Sleeve Gastrectomy—A “Food Limiting” Operation
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- Melissas, J., Daskalakis, M., Koukouraki, S. et al. OBES SURG (2008) 18: 1251. doi:10.1007/s11695-008-9634-4
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Sleeve gastrectomy (SG), which, thus far, is showing good resolution of comorbidities and good weight loss, shows increasing popularity among bariatric surgeons. The aim of this study was to evaluate clinical outcome and the gastric emptying of solid foods, 24 months after SG.
Fourteen morbidly obese patients, four males and ten females, median age 41 years (range 29–65), median body mass index (BMI) 49.46 kg/m2 (range 41.14–55.63), who underwent SG for weight loss, were studied prospectively. Nine patients underwent gastric emptying studies, using radioisotopic technique before, 6 months and 24 months after the operation. The remaining five patients underwent gastric emptying studies, 6 months and 24 months after the operation.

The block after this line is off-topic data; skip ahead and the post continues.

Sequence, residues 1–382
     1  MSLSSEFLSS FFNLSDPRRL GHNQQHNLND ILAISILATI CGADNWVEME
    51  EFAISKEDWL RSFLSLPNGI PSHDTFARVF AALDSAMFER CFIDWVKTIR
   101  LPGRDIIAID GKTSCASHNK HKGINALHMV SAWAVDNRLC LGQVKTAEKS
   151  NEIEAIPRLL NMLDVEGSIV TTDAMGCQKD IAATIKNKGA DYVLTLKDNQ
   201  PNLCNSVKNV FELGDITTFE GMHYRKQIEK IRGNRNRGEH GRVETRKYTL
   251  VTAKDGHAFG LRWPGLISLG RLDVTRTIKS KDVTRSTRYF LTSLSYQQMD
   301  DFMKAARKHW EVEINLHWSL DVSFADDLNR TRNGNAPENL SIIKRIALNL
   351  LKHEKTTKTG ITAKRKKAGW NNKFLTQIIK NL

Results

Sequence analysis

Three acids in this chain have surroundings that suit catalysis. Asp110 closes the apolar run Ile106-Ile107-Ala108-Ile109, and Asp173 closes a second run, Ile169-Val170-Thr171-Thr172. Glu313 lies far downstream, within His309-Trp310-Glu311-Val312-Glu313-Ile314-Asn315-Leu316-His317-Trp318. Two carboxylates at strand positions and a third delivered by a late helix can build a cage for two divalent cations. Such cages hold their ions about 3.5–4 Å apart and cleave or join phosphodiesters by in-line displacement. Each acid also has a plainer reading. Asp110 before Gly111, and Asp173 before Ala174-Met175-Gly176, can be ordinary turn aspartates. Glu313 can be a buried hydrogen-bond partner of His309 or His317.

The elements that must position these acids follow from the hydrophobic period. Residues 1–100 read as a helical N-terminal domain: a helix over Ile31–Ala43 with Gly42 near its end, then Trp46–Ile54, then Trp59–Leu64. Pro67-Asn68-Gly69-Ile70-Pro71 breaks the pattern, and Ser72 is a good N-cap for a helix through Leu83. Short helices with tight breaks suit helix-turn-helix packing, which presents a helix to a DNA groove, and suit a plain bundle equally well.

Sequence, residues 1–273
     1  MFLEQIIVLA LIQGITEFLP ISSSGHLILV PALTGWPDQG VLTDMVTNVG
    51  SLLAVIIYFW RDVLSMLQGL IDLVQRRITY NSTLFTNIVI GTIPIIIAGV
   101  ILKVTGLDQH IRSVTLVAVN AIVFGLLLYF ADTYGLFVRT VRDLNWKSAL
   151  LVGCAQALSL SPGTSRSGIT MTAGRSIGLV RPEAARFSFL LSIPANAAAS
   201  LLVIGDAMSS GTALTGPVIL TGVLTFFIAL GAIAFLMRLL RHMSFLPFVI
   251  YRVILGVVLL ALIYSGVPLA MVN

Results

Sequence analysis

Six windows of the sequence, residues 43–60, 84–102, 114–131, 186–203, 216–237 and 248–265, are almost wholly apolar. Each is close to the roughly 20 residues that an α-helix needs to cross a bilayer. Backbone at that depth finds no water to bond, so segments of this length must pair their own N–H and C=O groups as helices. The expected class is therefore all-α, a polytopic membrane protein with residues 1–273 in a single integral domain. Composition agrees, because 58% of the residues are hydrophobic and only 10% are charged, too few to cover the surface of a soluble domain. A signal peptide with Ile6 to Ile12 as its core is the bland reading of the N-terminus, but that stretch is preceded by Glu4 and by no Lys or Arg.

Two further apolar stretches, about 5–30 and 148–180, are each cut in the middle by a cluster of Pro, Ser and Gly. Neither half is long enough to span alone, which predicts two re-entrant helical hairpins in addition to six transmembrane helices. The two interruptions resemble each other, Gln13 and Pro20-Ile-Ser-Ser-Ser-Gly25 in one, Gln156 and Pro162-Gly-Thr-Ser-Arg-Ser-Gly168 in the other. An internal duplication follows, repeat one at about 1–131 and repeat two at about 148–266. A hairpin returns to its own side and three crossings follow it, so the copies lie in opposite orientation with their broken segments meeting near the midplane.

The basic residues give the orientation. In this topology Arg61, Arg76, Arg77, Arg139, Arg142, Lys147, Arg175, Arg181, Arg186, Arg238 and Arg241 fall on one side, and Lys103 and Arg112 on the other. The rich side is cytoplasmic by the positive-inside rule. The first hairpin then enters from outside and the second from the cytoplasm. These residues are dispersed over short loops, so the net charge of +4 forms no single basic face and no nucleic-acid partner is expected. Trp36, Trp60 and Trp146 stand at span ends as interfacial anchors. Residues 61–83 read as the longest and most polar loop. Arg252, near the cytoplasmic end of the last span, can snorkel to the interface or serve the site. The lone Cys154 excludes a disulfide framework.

A significant reduction in patients’ weight and BMI was evident at 6, 12 and 24 months postoperatively. In the nine patients who underwent gastric emptying studies pre-, 6 and 24 months postoperatively, the T-lag phase duration significantly decreased, following the SG, from 17.30 (range 15.50–20.90) min, to 12.50 (range 9.20–18.00) min at 6 months and 12.16 (range 10.90–20.00) min at 24 months postoperatively (P < 0.05). The gastric emptying half time (T1/2) accelerated significantly postoperatively from 86.50 (range 77.50–104.60) min, to 62.50 (range 46.30–80.00) min at 6 months and 60.80 (range 54.80–100.00) min at 24 months after SG (P < 0.05). The percentage of gastric emptying (%GE) increased significantly postoperatively, from 52 (range 43–58) % to 72 (range 57–97) % at 6 months and 74 (range 45–82) % at 24 months, following SG (P < 0.05). No differences in gastric emptying were observed, when values at 24 months were compared to those at 6 months postoperatively. When the whole group of 14 patients was studied, there were also no significant changes in T-lag, T1/2 and %GE between 6 and 24 months postoperatively.